Fab At 50!
Classic Motorcycle Mechanics|October 2018
Fab At 50!

Honda’s 750 Four set the world alight when it appeared in 1968 to establish the Superbike age. John Nutting rides one of the earliest examples to sample the sound and the glory.

John Nutting

It’s hard to imagine now just how huge was the impact created by the launch of Honda’s CB750 at the Tokyo Automobile Show in October 1968.

Fifty years on we’re accustomed to four-cylinder motorcycles, but back then they were extreme rarities, and no more than novelties that few, usually well-off, riders had experience of. But the CB750 was much more than that, because it would offer the everyday rider access to a new era of exotic motorcycles with phenomenal performance at a price that was not much more than the new crop of high-performance machine. We’d been primed with the 750cc triples from BSA-Triumph, and Norton’s refined Commando 750, both appearing in 1968, but the CB750 took motorcycle technology to a new level.

A year or so earlier, Honda had been winning world road-racing championships with works-entered fours and sixes, yet here was a bike with four exhaust pipes that captured the sound and the glory. It breathed performance, yet offered sophistication with overhead camshafts, a five-speed gearbox, press-button starting, huge instruments, a hydraulically operated disc brake and the promise of the same Honda reliability as its smaller twins such as the CB72 and CB450.

The CB750 was a game changer, and within a decade the British machines were history, the other three Japanese factories had upped the ante with their own even quicker machines and fours were the norm.

I was reminded just how advanced the CB750 was for its time with a ride on an early example that emerged from the factory in September 1969, less than a year after the model’s launch. Owned by Chris Rushton, this CB750 with just over 16,000 miles on the clock and untouched Candy Ruby Red paintwork is in original condition apart from its Continental tyres. With a frame number 1008054, it has a die-cast engine and was made six months after production started in Japan.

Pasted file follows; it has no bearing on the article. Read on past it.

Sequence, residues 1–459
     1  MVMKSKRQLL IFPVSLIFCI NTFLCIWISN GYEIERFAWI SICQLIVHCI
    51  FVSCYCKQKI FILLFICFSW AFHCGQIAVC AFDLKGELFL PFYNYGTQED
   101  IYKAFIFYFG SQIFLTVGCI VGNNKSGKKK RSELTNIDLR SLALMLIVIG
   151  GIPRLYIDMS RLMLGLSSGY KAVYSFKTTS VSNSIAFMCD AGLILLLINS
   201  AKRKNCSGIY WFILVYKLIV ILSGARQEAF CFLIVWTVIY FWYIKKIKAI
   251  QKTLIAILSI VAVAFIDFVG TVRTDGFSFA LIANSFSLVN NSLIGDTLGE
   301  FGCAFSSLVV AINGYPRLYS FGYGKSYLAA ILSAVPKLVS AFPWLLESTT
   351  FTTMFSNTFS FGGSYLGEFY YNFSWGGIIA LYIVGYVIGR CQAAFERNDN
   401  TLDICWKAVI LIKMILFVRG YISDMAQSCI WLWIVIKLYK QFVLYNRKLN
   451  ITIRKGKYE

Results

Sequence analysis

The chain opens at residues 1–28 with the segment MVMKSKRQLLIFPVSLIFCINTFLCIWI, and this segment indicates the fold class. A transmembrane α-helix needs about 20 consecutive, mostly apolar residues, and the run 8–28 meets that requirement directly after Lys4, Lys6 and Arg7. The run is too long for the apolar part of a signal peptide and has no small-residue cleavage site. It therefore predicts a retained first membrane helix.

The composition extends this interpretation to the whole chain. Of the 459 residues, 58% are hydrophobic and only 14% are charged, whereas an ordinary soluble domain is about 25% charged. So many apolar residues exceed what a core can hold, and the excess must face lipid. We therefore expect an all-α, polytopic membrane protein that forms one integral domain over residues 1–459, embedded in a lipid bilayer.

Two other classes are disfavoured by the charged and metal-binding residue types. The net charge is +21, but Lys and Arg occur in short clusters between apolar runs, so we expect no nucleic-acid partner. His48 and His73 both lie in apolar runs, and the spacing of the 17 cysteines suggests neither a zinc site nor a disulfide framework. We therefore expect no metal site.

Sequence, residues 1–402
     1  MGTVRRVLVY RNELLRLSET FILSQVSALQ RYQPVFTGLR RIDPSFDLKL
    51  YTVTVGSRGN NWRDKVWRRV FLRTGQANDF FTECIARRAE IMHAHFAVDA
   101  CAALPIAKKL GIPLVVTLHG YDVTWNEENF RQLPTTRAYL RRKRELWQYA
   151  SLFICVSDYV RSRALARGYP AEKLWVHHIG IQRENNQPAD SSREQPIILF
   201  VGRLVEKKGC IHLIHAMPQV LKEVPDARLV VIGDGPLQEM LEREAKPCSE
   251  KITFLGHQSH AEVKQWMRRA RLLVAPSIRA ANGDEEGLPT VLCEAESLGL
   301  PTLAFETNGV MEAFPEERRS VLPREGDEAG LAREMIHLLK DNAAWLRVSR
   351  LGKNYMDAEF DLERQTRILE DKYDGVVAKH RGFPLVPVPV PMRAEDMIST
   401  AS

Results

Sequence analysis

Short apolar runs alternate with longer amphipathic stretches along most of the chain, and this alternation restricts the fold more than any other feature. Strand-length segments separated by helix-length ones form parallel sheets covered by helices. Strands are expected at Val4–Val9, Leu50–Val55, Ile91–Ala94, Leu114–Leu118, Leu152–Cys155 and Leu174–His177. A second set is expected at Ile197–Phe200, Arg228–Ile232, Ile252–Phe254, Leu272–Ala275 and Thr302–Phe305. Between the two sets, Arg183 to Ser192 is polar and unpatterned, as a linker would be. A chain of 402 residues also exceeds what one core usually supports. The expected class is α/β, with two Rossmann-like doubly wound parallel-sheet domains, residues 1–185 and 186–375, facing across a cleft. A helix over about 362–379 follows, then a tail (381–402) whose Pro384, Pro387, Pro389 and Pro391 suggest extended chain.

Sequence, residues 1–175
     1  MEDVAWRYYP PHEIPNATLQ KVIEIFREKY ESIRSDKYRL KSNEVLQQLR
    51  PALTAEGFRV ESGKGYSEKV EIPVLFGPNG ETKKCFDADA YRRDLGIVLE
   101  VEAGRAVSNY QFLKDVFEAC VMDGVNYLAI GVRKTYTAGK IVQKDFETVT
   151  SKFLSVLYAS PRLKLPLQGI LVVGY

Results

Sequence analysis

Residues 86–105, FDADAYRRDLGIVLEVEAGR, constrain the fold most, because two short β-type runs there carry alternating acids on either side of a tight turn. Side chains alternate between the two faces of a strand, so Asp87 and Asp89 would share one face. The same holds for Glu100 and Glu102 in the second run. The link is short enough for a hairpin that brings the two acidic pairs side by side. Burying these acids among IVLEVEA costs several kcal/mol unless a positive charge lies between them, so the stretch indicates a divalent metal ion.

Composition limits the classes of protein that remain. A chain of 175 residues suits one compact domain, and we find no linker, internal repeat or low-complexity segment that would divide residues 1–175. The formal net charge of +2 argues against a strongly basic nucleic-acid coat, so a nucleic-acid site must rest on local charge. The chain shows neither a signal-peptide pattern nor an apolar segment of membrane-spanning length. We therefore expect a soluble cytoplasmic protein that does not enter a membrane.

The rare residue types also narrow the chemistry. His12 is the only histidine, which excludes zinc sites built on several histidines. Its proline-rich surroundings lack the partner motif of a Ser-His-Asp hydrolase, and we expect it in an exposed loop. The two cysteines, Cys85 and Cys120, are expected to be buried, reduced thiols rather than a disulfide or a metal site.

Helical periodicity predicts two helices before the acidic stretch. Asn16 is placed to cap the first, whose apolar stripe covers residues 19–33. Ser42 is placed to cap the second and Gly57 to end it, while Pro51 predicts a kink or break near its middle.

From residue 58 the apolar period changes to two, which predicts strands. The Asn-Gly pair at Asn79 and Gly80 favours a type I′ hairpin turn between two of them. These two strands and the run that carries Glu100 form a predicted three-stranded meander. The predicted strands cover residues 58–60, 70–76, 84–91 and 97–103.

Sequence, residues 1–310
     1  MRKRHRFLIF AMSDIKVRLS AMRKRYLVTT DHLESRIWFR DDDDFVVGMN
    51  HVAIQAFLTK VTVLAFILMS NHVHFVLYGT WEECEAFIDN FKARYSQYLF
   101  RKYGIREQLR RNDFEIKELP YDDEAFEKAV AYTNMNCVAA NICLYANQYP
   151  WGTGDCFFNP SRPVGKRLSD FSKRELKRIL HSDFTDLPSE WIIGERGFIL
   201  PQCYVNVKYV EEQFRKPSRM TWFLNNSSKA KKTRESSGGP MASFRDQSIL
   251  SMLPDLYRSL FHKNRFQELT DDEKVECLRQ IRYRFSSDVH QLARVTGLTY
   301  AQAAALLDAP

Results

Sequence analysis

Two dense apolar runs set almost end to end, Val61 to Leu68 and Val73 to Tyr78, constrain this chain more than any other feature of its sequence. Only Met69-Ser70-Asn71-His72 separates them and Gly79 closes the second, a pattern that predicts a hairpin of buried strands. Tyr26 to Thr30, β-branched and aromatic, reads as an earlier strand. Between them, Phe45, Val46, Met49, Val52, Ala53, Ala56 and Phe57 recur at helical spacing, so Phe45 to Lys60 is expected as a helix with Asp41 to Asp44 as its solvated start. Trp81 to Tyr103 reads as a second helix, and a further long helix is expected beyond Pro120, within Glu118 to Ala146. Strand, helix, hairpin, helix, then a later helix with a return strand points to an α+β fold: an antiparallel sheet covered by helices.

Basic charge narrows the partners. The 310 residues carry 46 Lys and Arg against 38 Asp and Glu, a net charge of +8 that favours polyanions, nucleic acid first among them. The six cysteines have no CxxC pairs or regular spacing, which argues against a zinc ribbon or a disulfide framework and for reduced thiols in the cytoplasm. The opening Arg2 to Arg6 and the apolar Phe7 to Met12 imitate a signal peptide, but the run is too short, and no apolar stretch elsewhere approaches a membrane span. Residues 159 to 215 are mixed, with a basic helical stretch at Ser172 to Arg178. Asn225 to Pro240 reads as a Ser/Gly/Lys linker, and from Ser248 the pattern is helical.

Chris imported it from America in 2009 and is determined to maintain its patina, even carefully repairing the cracked airbox rather than replacing it. He is meticulous with the servicing of his bikes and it shows. I’ve ridden some modern retro-styled machines of late, and despite its 49 years this CB750 didn’t feel a lot different in its preparation with taut suspension, responsive engine and smooth controls.

It looked gorgeous, with bright chrome, a shine on the seat cover and just a few tiny nicks in the paint to show this hadn’t been restored, as many have been. Up front there were the two huge five-inch dials reading to 150mph and 11,000rpm with the red line starting at 8500rpm: lovely.

In fact, it’s so authentic that it even behaved just as magazine testers reported back when the bikes first arrived in the UK. It fired up promptly on the button after the choke lever on the carbs was closed, but being cold-blooded the engine need a bit of coaxing by juggling the lever. Once up to temperature it idled smoothly and after a clonk into bottom gear pulled away cleanly without any need to rev the engine.

At about 500lb (227kg) tanked up, the CB750 can be awkward to manhandle but once on the move the steering lightened and bend swinging became second nature. I particularly liked the riding position: the high handlebar provides a natural feel and the footrests are positioned just behind the nose of the comfortable seat, so you feel like you’re grasping the machine with your whole body. And you could sit astride the bike with both boots on the ground, which is always a good test. Until the CB750, British bikes suffered from footrests that were positioned adjacent to the gear lever, which was too far forward, and the pegs weren’t even symmetrical.

The Honda just felt right. Winding the four up from 2000rpm it felt smooth, but not as vibrationless as some said when it was launched. This CB750 delivered an engaging rhythm that at between 60 and 70mph offered a pleasant balance between throttle response, comfort and sound.

articleRead

You can read up to 3 premium stories before you subscribe to Magzter GOLD

Log in, if you are already a subscriber

GoldLogo

Get unlimited access to thousands of curated premium stories, newspapers and 5,000+ magazines

READ THE ENTIRE ISSUE

October 2018